Improving beef production in Brazil using selection and crossbreeding : a thesis presented in partial fulfillment of the requirements for the degree of Master of Applied Science in Animal Science at Massey University, Palmerston North, New Zealand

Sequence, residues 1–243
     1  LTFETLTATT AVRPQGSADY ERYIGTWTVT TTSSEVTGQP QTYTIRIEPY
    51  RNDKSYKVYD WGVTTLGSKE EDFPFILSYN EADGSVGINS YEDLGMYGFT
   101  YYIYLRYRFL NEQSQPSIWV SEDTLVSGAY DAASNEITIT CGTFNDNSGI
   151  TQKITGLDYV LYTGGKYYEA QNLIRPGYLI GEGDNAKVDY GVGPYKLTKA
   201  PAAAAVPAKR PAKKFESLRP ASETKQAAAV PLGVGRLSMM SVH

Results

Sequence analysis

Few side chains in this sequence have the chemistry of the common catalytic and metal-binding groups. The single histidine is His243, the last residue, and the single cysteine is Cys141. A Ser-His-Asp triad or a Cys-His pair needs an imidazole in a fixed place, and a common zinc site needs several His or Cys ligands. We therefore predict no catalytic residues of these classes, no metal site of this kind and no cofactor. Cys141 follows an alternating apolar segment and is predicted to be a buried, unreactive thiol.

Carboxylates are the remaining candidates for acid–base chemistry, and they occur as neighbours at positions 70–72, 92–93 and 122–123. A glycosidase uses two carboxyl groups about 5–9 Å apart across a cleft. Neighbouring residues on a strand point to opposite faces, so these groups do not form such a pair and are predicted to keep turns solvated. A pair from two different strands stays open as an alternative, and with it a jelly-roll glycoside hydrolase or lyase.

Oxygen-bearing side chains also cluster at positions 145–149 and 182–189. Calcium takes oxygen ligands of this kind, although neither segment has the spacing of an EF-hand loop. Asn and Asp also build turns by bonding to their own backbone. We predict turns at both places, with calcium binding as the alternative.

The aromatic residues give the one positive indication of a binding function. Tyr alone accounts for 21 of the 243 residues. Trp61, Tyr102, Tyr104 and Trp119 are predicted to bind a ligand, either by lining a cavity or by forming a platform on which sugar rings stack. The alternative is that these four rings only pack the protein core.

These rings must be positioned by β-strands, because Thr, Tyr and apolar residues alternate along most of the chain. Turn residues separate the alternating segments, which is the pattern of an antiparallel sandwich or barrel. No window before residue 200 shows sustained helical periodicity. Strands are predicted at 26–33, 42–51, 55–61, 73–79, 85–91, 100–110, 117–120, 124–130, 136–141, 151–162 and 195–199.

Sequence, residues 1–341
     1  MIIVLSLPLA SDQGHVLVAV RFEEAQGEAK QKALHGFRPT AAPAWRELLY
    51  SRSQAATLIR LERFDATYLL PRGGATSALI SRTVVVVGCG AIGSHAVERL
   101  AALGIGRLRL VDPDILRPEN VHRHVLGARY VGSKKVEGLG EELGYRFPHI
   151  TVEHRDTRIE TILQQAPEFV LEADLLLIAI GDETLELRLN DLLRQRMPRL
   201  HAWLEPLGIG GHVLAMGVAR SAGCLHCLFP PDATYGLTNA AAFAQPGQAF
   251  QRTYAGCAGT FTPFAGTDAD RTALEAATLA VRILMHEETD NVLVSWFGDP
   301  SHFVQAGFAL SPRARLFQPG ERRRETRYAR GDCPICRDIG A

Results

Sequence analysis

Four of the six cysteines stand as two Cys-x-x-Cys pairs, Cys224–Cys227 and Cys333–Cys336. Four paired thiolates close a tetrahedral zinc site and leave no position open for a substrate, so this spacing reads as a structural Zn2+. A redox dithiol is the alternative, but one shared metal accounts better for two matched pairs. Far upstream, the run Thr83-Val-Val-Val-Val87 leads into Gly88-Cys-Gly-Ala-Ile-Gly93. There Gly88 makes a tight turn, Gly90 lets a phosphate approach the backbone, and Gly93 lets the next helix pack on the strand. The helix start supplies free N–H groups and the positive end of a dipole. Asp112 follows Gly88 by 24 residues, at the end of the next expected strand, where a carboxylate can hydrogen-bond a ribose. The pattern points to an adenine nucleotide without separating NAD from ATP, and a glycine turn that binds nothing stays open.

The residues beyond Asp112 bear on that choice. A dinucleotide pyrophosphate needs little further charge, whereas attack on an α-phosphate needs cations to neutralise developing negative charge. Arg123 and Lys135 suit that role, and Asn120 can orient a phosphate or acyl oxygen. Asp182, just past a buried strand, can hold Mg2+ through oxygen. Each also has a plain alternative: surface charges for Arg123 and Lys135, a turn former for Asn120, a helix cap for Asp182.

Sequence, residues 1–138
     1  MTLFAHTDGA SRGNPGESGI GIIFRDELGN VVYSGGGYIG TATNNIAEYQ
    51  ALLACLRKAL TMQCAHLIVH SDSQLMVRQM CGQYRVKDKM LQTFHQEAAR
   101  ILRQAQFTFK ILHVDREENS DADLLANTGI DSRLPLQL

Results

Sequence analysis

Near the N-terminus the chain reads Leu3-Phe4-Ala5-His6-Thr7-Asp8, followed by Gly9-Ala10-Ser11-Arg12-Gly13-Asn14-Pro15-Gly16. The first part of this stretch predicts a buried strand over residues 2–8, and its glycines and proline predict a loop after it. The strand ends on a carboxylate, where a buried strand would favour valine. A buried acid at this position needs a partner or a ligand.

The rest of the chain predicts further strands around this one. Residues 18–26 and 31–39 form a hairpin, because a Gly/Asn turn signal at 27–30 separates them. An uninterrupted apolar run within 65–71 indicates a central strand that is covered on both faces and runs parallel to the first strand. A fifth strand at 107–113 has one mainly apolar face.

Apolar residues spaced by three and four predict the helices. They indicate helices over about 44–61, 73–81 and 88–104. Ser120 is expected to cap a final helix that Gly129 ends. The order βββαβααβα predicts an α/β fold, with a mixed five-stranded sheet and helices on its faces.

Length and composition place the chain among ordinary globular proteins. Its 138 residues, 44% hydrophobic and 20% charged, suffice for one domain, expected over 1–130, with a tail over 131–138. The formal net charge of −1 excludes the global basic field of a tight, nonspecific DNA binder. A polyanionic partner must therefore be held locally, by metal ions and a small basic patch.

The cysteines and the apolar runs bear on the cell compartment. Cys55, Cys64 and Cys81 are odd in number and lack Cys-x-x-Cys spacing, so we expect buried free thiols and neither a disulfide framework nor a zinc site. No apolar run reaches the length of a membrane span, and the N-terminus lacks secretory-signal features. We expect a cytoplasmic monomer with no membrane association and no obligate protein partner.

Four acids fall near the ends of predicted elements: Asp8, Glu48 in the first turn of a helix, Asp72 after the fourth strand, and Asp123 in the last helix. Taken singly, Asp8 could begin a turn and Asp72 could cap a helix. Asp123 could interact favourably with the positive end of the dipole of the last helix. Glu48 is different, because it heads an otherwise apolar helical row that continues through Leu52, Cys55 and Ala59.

Beef industry is an important sector of the Brazilian economy. Brazilian beef production is very dependent on pasture, which, in all most its totality, is constituted by tropical forages characterized by abundance during the rain season and low quality and quantity during the dry season. Therefore, efficient beef production systems would include breeding adapted genotypes rather than attemptig large changes in the environment. As a result, animal breeding becomes a very important agent within beef production. This project intended to investigate throughout computer modeling the effects of different breeding schemes applied to a hierarchical integrate beef production system, involving a three straight bred herds nucleus and a three-breed terminal crossing commercial herd. The study simulated a tropical system of production based on common Brazilian management practices and parameters published in the literature related to beef production on tropical and subtropical climates. A deterministic procedure was applied to develop a model for a hierarchical integrated beef production system involving a crossbred commercial herd and three straight-bred nucleus herds and it was developed on an annual basis using a Microsoft Excel spreadsheet. Economic selection index methodology was applied to develop different selection indexes. The model was used first to estimate economic values for biological traits affecting returns and costs. A breeding objective was established based on economic values of traits that would significantly affect profitability of the production system. Basically there were two different scenarios that were tested. One scenario investigated the results of 20 years of selection taking in account the use of progeny tested bulls while the other scenario would investigated the outcomes of selection based only on individual selection of the bulls. Subsequently, the model was used to investigate which economic values would maximize profit per animal unit. The two selection indexes that included information of progeny into the selection criteria were the best ones when compared to the selection indexes using individual selection independently of the relative economic values applied. The maximizing profit AU relative economic value selection index presented the best improvement in profit per AU, which was also followed by a higher profit per hectare and return rates. Economic selection index proved to be an efficient tool to change profit since breeding schemes improved profit in all scenarios independent from the relative economic value applied or if information from progeny was included or not in the index. The adoption of progeny testing in breeding programs proved to be more effective than individual selection on a long-term basis. The advantage of selection indexes including progeny was to promote a greater increase in dressing out percentage and a lower change on mature size of the breeding cows.